Summary of APEC Biofuels Activities
The biofuels industry in the Asia-Pacific Economic Cooperation (APEC) region consists of two distinct sectors, ethanol and biodiesel. Fuel ethanol production within the region in 2007 was estimated at approximately 27,600 million liters, mainly produced in the United States; China; Canada; Australia; and Thailand. Biodiesel production in 2007 was approximately 4,400 million liters with the majority of the production coming from the United States; Indonesia; Malaysia; China; Australia; and Canada.
Biofuels in the APEC region are produced from a variety of first-generation feedstock using well-established conversion technologies. For ethanol production, these include: starches from grains (cereals, feed, and grains), tubers (cassava and sweet potatoes), sugars from crops (sugar beets, sugarcane, and sweet sorghum), and food-processing byproducts (molasses, cheese whey, and beverage waste). First-generation biodiesel feedstocks used in the APEC economies include vegetable oil (mainly soybean, rapeseed, and palm oil), used cooking oil, and animal fat (tallow and cat fish oil). Second-generation feedstocks for ethanol production include lignocellulosic material, such as crop and forest residues. Economies with large-scale agriculture and forestry operations such as Canada; the United States; and China have set up demonstration projects using lignocellulosic biomass for ethanol production. An advanced biodiesel feedstock includes microalgae, and few companies in the United States and New Zealand have started pilot projects to grow algae (Figures 1 and 2).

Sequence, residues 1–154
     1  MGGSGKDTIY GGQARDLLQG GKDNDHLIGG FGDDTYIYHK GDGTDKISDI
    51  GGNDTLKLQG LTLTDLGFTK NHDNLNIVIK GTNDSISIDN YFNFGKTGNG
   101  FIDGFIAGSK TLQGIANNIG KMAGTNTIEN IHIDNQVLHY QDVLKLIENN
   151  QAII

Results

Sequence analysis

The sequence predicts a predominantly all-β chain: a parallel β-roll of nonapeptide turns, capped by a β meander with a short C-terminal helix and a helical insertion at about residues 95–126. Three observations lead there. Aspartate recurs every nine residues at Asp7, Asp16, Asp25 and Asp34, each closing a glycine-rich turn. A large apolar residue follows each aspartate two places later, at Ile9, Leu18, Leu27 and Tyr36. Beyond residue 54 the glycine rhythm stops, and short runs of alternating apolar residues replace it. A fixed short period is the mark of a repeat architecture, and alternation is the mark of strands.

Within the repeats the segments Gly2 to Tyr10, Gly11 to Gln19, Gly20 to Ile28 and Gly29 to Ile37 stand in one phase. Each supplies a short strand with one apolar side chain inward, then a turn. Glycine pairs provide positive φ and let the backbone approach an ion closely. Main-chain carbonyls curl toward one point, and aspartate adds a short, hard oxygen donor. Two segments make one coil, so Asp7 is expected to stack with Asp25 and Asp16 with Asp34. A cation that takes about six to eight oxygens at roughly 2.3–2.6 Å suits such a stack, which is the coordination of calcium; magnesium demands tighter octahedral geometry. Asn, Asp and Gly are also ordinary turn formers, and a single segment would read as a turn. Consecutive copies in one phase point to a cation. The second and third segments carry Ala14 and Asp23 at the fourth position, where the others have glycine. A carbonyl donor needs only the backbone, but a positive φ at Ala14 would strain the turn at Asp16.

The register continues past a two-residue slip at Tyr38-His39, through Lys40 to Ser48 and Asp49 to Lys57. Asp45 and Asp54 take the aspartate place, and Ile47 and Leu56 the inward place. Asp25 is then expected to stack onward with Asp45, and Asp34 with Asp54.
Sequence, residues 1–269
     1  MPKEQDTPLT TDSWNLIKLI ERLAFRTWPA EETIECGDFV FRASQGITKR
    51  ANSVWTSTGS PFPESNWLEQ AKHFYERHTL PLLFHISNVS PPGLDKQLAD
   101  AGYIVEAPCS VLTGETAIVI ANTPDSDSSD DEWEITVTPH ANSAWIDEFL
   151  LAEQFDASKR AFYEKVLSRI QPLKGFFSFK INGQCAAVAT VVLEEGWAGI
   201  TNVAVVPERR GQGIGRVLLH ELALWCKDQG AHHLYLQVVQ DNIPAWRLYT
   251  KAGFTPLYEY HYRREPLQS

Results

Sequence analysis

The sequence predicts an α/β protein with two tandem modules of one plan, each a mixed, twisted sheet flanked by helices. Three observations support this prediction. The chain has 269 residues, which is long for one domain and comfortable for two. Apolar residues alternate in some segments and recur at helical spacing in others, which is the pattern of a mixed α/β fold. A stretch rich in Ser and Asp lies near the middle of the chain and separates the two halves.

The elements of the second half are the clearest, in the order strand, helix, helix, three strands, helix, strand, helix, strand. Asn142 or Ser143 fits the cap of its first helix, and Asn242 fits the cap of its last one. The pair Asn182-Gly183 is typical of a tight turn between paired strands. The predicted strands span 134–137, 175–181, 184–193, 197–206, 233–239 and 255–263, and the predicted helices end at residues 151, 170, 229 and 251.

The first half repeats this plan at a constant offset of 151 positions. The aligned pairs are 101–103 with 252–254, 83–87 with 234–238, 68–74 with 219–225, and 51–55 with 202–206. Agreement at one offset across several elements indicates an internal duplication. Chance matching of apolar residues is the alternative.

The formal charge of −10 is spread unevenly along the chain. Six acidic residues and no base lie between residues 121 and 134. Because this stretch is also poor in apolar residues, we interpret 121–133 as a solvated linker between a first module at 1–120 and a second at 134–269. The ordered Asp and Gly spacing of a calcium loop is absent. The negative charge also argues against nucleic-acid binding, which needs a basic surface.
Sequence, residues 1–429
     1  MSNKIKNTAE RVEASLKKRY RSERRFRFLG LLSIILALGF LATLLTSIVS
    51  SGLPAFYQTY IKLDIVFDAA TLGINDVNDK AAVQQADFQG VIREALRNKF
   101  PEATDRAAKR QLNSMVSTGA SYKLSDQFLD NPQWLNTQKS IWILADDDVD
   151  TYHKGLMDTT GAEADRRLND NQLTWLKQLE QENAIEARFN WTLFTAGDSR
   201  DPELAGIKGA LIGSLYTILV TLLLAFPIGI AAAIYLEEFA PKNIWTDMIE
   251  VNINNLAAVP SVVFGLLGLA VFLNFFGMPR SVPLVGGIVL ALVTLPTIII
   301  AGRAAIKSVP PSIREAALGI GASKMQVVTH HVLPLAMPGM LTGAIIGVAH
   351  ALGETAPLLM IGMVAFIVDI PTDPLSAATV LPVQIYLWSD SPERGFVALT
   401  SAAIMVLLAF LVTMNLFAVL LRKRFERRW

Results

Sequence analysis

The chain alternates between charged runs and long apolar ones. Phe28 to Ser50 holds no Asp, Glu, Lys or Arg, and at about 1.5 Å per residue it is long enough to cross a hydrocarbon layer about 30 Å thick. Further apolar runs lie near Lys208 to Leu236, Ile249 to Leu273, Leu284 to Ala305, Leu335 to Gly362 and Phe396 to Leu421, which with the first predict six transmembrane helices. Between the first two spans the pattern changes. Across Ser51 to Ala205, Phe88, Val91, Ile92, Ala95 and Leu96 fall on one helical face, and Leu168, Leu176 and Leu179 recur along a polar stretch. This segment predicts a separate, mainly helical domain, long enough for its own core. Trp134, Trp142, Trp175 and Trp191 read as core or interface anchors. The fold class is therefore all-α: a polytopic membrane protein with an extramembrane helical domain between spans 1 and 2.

Figure 1. Ethanol Feedstock in APEC Economies